With respect to Hagia Sophia, every day there are new protests by Orthodox churches and organizations concerning the conversion of this church, so important in Christian history, into a mosque. On July 14, Serbian Patriarch Irinej made an appeal to Turkey. (English). On July 21, the Holy Synod of the Bulgarian Patriarchate issued an appeal for the preservation of Hagia Sophia as a museum, while expressing its respect for the Turkish state institutions. Patriarch John X of Antioch has written a letter to Ecumenical Patriarch Bartholomew expressing his dismay at the decision by Turkey and stating: “We stand by you, dear Brother, joining our prayers for your Holy Church and this wounded East. We support every effort of yours to enhance your presence in your own land, the land of your ancestors, the Church of Constantinople, the new Rome to which we are all bonded by brotherhood and unity of faith in Jesus Christ as Lord and Savior.” In a statement issued on July 17, the Holy Synod of the Moscow Patriarchate issued “profound regret,” while noting that sadly the ability of the Orthodox world to respond to Turkey’s decision on Hagia Sophia has been weakened by the divisions caused by the uncanonical actions in Ukraine. The Orthodox Church of Cyprus has also issued a statement.

On July 20, the official website of President of Greece Katerina Sakellaropoulou posted the following statement concerning a telephone conversation that the Greek President had with Pope Francis:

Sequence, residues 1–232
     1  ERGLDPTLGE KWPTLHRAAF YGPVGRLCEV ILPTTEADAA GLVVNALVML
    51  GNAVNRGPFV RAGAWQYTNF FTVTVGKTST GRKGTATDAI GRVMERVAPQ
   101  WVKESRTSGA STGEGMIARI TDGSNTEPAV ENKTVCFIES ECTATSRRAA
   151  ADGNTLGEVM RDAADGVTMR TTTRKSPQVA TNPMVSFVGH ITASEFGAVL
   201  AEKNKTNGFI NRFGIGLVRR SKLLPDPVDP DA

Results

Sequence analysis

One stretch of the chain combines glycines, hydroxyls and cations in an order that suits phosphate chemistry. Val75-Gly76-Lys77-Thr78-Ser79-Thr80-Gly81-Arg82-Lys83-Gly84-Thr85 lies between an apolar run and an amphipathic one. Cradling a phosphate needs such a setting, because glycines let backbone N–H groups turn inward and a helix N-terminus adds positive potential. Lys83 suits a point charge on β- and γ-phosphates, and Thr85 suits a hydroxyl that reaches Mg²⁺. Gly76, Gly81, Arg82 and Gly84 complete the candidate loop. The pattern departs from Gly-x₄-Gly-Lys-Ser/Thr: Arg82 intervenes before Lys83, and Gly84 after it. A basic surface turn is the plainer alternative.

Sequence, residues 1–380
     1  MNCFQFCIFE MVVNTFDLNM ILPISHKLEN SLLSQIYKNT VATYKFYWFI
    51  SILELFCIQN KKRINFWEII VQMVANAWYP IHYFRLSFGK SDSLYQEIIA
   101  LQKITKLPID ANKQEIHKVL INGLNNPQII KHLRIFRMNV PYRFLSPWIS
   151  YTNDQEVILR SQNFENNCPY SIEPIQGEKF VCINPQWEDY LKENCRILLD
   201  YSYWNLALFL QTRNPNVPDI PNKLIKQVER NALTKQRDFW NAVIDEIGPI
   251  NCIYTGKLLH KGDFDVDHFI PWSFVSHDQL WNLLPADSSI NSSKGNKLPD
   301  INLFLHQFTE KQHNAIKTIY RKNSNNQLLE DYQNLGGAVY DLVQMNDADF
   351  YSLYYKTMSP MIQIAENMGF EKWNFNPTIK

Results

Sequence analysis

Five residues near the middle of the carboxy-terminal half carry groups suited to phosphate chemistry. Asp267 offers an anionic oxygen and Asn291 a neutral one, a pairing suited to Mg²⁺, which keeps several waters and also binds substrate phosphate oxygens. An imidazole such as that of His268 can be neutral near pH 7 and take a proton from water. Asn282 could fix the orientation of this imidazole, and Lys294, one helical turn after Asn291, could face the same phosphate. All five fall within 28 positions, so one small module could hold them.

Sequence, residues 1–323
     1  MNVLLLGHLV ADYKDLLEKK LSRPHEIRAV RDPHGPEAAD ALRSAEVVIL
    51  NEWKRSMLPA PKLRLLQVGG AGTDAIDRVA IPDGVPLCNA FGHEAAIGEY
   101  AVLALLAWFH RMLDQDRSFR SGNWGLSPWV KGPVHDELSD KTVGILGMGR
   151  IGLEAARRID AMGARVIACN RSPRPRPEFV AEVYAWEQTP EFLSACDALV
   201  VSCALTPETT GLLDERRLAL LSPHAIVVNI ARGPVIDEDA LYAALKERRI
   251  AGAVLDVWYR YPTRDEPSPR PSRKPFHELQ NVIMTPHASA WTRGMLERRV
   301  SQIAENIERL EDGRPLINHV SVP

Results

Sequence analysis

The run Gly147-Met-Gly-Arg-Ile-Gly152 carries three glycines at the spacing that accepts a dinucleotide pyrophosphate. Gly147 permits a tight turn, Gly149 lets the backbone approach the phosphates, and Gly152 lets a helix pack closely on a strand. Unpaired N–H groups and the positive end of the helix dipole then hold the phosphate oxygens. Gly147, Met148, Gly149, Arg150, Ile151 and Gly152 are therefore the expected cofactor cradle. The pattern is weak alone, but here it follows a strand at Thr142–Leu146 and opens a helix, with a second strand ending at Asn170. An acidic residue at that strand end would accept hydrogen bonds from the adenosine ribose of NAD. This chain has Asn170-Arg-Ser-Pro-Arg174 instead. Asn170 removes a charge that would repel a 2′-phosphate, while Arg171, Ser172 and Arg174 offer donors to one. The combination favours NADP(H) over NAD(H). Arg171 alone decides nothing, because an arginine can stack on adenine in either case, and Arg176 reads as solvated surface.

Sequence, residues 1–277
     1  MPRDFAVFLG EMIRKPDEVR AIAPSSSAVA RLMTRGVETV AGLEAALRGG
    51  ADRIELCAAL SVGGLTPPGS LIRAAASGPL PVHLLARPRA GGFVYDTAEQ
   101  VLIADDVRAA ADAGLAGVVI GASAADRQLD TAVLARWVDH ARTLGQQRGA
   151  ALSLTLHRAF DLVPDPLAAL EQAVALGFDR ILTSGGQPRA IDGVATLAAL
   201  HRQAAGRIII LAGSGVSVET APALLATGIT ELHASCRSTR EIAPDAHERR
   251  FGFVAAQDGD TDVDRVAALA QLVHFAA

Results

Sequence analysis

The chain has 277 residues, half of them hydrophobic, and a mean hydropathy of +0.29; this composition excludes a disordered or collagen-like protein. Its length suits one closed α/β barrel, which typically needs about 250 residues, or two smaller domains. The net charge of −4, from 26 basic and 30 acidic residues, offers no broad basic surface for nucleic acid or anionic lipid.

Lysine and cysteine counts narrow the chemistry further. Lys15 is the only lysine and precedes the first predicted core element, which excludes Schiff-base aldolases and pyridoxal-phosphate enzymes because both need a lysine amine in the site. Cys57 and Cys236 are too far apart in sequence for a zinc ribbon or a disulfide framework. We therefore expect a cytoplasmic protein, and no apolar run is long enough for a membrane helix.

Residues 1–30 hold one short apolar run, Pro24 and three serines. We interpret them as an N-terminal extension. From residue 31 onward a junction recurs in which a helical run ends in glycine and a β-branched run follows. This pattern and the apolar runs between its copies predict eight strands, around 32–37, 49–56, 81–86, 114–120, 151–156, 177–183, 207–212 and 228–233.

The President of the Republic contacted Pope Francis today, on the occasion of the decision of the Turkish leadership to turn Hagia Sophia into a mosque. Ms. Sakellaropoulou stressed that this decision deeply hurts those who consider this top symbol of Christianity to belong to humanity and the world cultural heritage and diverts Turkey from the values ​​of the secular state and the principles of tolerance and pluralism.
This action, she stressed, is not an internal matter of Turkey but a broader issue that must be explicitly and unequivocally condemned by the international community. The President thanked the Pope for his statements of support and asked him, in turn, to use all his influence to sensitize the international public, in order for the Turkish leadership to reverse its decision and restore Hagia Sophia in the status of a protected monument.
For his part, the head of the Roman Catholic Church agreed with the remarks of Mrs. Sakellaropoulou, acknowledged the political motives of Mr. Erdogan’s decision and promised to continue his efforts, in the context of his role, to reverse this decision. The Pope also praised our country’s efforts in receiving refugees and immigrants, as he had the opportunity to see during his visit to Lesvos in 2016.
The President of the Republic reiterated the invitation to Pope Francis to visit our country in 2021, a year in which the 200th anniversary of the Greek revolution will be celebrated. The Pope accepted the invitation, hoping that the conditions would allow the trip to take place. (Google translation of Greek) See also (English article)

The spokesperson of the Turkish president has stated that Pope Francis has been invited to attend the official opening of Hagia Sophia as a mosque on July 24!!

Peter Anderson, Seattle USA